Geneva, Switzerland, WHO, Department of Reproductive Health and Research, 2016. 72 p.This document is part of the process for improving the quality of care in family planning. Specifically, it is one of two evidence-based cornerstones (guidance documents) of the World Health Organization’s (WHO’s) initiative to develop and implement family planning guidelines for national programmes. The first cornerstone, the Medical eligibility criteria for contraceptive use (MEC, now in its fifth edition), provides thorough information and guidance on the safety of various contraceptive methods for use in the context of specific health conditions and characteristics. This document, Selected practice recommendations for contraceptive use, third edition (SPR third edition), is the second cornerstone; it provides guidance for how to use contraceptive methods safely and effectively once they are deemed to be medically appropriate. For recommendations issued in the SPR, safety considerations include common barriers to safe, correct and consistent use of contraception and the benefits of preventing unintended or unwanted pregnancy.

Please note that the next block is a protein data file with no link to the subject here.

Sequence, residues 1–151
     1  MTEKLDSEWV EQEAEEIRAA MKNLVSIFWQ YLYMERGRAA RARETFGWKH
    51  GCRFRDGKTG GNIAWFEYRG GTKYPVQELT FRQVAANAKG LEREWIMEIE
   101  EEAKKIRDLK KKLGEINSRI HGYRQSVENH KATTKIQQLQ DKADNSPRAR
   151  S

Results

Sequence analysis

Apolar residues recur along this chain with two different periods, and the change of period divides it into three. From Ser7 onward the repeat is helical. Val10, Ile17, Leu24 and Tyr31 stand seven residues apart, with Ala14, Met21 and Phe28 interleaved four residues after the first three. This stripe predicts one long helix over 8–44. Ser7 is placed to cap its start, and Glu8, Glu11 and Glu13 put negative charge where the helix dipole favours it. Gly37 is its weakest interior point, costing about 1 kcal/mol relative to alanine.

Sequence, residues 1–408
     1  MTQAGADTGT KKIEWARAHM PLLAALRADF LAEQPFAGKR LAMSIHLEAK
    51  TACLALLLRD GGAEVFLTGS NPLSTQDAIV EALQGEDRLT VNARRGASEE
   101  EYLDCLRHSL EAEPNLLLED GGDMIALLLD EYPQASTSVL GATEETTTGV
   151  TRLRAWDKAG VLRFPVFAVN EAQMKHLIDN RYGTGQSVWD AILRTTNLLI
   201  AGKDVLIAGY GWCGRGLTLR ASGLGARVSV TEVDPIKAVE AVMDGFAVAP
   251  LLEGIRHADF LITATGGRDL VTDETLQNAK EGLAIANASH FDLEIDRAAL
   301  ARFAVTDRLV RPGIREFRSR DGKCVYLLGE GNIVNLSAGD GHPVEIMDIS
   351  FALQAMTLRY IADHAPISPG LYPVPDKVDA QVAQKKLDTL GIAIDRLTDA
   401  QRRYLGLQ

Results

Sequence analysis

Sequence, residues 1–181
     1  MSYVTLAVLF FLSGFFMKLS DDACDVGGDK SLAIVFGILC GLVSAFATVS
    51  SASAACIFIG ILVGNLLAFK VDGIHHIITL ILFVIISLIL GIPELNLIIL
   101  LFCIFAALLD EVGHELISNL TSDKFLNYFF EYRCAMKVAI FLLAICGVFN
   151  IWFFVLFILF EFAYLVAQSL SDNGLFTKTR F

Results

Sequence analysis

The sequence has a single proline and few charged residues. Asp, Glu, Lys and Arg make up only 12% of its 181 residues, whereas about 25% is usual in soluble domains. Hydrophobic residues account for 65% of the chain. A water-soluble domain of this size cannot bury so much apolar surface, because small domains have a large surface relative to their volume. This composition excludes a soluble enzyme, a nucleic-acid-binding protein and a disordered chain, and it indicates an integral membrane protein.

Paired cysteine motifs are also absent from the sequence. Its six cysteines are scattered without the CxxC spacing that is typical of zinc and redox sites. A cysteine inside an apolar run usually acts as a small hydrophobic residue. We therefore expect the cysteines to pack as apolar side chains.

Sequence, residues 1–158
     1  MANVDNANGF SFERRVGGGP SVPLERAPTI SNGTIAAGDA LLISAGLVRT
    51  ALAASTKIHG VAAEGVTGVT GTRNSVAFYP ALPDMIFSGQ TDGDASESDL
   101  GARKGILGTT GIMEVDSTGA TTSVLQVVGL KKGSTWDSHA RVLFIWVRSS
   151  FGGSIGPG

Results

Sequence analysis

[New recommendations from the World Health Organization (WHO) for the use of contraceptive methods] Nuevas recomendaciones de la Organizacion Mundial de la Salud (OMS) para el uso de los metodos anticonceptivos.
Gaceta Medica De Mexico. 2016 Sep - Oct; 152(5):601-603.The Medical Eligibility Criteria for Contraceptive Use of the World Health Organization have been updated recently. These criteria constitute a guideline for the selection of family planning methods appropriated for women and men with known medical conditions or personal characteristics of medical relevance. The guidelines last updating incorporates recommendations for the use of a new emergency contraceptive pill and three long-acting hormonal methods, and revises some previously established recommendations. This article provides information on the last edition of such document and aims to contribute to its dissemination.
Contraception. 2016 Sep; 94(3):193-194.Add to my documents.
Research gaps identified during the 2014 update of the WHO medical eligibility criteria for contraceptive use and selected practice recommendations for contraceptive use.